Candis Chan arrived in Seattle from Hong Kong two months ago on a student visa known as an F-1. She says the visa process was fairly painless--but that's about to change. Chan doesn't know that new rules will make Seattle Central Community College provide the details of her life as a foreign student to the Immigration and Naturalization Service (INS) via an electronic database.

The Student and Exchange Visitor Information System (SEVIS), a response to September 11, will be in place by January 30, 2003, in the middle of the next academic year. From then on, visa-toting students will also have to present an I-20 form and detailed academic information--port and date of entry, choice of studies, and number of credits completed--that will be processed through SEVIS. An individual will not be able to receive a student visa unless the institution they are enrolled in is in compliance with the INS and the SEVIS database.

There is a precursor to SEVIS, known as CIPRIS (Coordinated Interagency Partnership Regulating International Students). CIPRIS was created in 1996, in response to the 1993 World Trade Center bombing. The information required by CIPRIS is basic: the student's school, whether or not that student is attending classes regularly, and disciplinary action taken against the student.

But after 9/11, the American public freaked about students with names like Mohammed, Hashem, and Naazneen, demanding that the INS do something more to monitor foreign students. After all, the 1993 car bomber was an estranged student, as were two of the 9/11 terrorists. So wouldn't it make sense, the reasoning went, to create tracking mechanisms for student visa holders, lest a few turn out to be al Qaeda operatives? (F-1 student visas make up two percent of all visas.)

"They need to have a full background [check]--who they are and where they come from," says Larry Eichler, a Fremont Fair-goer sporting a cowboy hat with an American flag pinned to the front.

SEVIS--a program that received $36 million from the feds--will demand more info than the '96 tracking system. The INS says SEVIS will help "recognize, predict, and report trends and anomalies... to keep students in status." However, neither the INS nor local college or university representatives would tell us exactly what additional info SEVIS will require.

Steve Young, program manager of international student admissions at SCCC, has some problems with SEVIS. He questions SEVIS's effectiveness, arguing that potential terrorists disappear--they're not those quietly studying for their classes: "It seems senseless to me," he says. "The problem is not with students going to school."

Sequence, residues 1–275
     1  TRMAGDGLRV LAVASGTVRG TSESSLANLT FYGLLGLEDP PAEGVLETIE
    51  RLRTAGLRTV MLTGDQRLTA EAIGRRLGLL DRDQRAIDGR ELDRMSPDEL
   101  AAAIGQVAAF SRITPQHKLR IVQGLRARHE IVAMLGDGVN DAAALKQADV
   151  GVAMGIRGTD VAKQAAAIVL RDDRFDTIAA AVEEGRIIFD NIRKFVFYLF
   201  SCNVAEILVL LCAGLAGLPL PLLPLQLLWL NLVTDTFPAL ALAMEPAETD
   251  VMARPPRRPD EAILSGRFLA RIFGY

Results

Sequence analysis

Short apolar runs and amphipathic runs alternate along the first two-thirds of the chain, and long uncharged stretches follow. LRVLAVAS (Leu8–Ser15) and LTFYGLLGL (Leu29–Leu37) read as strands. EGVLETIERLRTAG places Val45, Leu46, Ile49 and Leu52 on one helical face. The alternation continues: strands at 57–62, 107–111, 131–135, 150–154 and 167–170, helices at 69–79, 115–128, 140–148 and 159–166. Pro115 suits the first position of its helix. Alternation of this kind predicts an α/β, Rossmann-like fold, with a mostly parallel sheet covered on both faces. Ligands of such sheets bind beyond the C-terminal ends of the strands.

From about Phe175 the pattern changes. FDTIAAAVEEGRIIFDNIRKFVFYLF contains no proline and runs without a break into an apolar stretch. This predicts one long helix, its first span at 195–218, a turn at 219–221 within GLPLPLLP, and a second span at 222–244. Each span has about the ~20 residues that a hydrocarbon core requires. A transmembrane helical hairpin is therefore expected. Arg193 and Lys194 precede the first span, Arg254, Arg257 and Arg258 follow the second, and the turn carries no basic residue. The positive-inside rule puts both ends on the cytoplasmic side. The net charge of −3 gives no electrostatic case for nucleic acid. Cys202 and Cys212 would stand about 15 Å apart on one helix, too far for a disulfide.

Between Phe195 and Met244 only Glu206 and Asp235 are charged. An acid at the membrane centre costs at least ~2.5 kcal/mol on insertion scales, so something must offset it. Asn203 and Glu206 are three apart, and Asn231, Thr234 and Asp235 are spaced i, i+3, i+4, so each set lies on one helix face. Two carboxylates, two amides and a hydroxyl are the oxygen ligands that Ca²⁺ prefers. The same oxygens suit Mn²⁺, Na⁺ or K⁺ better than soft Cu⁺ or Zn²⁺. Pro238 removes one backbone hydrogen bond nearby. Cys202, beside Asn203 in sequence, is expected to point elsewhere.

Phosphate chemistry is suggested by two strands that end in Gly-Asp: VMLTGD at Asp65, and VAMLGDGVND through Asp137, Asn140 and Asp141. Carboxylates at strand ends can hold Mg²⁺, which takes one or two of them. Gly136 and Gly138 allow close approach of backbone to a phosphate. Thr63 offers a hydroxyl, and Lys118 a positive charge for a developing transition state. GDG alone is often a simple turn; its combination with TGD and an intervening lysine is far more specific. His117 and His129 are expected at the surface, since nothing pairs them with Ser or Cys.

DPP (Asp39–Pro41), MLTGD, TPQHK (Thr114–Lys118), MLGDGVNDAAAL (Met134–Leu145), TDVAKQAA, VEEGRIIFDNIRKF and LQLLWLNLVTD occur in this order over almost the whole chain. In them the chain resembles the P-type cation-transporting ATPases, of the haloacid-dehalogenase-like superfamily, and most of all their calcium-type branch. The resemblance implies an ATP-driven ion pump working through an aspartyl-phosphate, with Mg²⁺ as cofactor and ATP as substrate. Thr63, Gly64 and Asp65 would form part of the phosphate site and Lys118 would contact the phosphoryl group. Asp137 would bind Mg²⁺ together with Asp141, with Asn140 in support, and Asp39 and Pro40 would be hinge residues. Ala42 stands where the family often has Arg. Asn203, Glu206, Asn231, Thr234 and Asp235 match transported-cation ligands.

Whatever SEVIS accomplishes, it will definitely chip away at Washington school budgets. With pending education cuts, these schools must come up with $45,000 to $55,000 just to install the system, as well as hire INS-approved personnel.

Last February, the University of Washington Graduate Student Senate, led by president David Nixon, complained about SEVIS to the Board of Regents. "With all the foreign students at the graduate level," Nixon says, "we wanted to know what was going on." The students opposed the proposed $95 fee foreign students were asked to pay to support SEVIS processing costs (it's since been bumped down to $80), and argued that the system creates racial profiling and could be too invasive.

The board dismissed their claim. "We don't care who they're dating," jokes Jacqueline Saloy, director of international programs at the UW. Saloy, who oversees SEVIS implementation at UW, says that SEVIS will create a speedier process. "People say, 'You're spying on us.' And we say, 'What? We've been doing this since 1996! Now it won't take four months for approvals.'"

Some Americans do feel that foreign students need a tighter leash. "There's got to be some sort of control," says Eichler back at the Fremont Fair.

Domingo Perez, a thirtysomething Fremont resident, takes a lighter approach, but agrees with Eichler that additional information and a more advanced system is key. "I don't think [the system] is too invasive if it's for safety," he says, adding, "But there's always the chance of racial profiling."

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